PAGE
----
A queer-friendly locator sends a strong message to an insensitive society

Split into three categories (sexual health, mental health, legal aid), the database sub-lists possible problems
A few years ago, when 16-year-old Anaya (name changed) was visiting a psychologist for the first time, one of her biggest worries was if she could connect with the doctor: she had even insisted on seeing a woman hoping it would be easier to talk to someone of the same gender.  As Anaya took a seat, the doctor said, “Did you see that boy who was here before you? He is gay. We are going to fix that.” 

 
Years later, the episode still vexes Anaya. “Even if you excuse her personal feelings about being gay, how do you trust a doctor who has no qualms breaching someone else’s confidentiality?” she asks.

This was at a private clinic. Experiences of those who have approached government hospitals are often even worse. Legal aid is another stumbling block for the queer minority.

Problems such as these precipitated the need for a database of queer-friendly professionals. And this database has now been launched online, featuring everyone from doctors who deal with mental and sexual health issues to human rights lawyers. Once a user chooses their city and selects the problem, the portal lists out the possible people or organisations they could approach. 

The online locator is the result of a partnership between the Varta Trust, a Kolkata-based non-profit that promotes dialogue on gender and sexuality through multilingual webzines, Chennai-based non-governmental organisation Solidarity and Action Against the HIV Infection in India (SAATHII), and US-based Grindr for Equality (the social justice arm of Grindr, a dating app for queer people). Hosted on Varta’s website (www.vartagensex.org), it will also be linked to SAATHII’s online resources. While these two organisations reach thousands, Grindr itself has more than 10,000 users in India. The dating app also hosts a link to this database of judgment-free professionals.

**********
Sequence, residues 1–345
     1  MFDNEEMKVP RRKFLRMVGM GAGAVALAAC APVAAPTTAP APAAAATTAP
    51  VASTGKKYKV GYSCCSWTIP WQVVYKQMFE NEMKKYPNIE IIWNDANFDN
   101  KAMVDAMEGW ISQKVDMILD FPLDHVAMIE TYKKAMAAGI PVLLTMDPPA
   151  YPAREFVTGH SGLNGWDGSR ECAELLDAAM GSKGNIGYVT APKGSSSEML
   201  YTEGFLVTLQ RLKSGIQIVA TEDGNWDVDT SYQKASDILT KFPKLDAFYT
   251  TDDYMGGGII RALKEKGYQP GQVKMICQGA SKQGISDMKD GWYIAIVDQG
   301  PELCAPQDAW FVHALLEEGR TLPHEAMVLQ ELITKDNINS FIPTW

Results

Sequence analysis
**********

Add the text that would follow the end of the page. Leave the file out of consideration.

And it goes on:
The launch of the portal (on June 28) was timed to coincide with the ongoing hearings in the Supreme Court. In 2009, the Delhi High Court had ruled that Section 377 of the Indian Penal Code was unconstitutional. In December 2013, the Supreme Court had overturned this landmark ruling. This week, the Supreme Court has been hearing a number of petitions challenging Section 377 and there seems to be hope that the apex court will uphold gay rights this time around. 

 
The database, thankfully, doesn’t bunch issues together into one neat — but ultimately unhelpful — pile. Split into three categories (sexual health, mental health, legal aid), it sub-lists possible problems. For instance, legal aid has everything from general information on legal rights to dealing with sexual assault, issues related to inheritance and home to adoption guidance. The mental health tab lists issues ranging from family acceptance of one’s sexuality or gender to relationship problems.


The government has its own list of Integrated Counselling and Testing Centres for HIV testing and counselling, but insensitivity is a major concern. “There have been a lot of cases where counsellors have treated queer people with disdain or have passed moral judgments on their lives,” says Pawan Dhall, founding trustee of Varta.

Often, one realises the need for vetted professionals the hard way. A lawyer who made an affidavit for a transwoman didn’t mention the NALSA judgment of 2014 pertaining to the third sex, a requirement in such cases. She had to re-do the affidavit, incurring extra expense and effort.
“Whether the judgment is positive or negative, it will be followed by a flood of questions like what happened in 2013,” says Dhall. In one instance, after the 2013 verdict, Varta was approached by a lesbian couple where the mother of one of the women threatened to use Section 377 and call the police to break them up.

“Her mother was just threatening her but threats do work,” says Dhall. “We had to explain to her that Section 377 wouldn’t get applied just if her mother registers a complaint. It ultimately requires forensic evidence that a sexual act has taken place ‘against the order of nature’.”
The much-needed database intends to address such situations and will hopefully finally ensure the queer community gets the help it needs.

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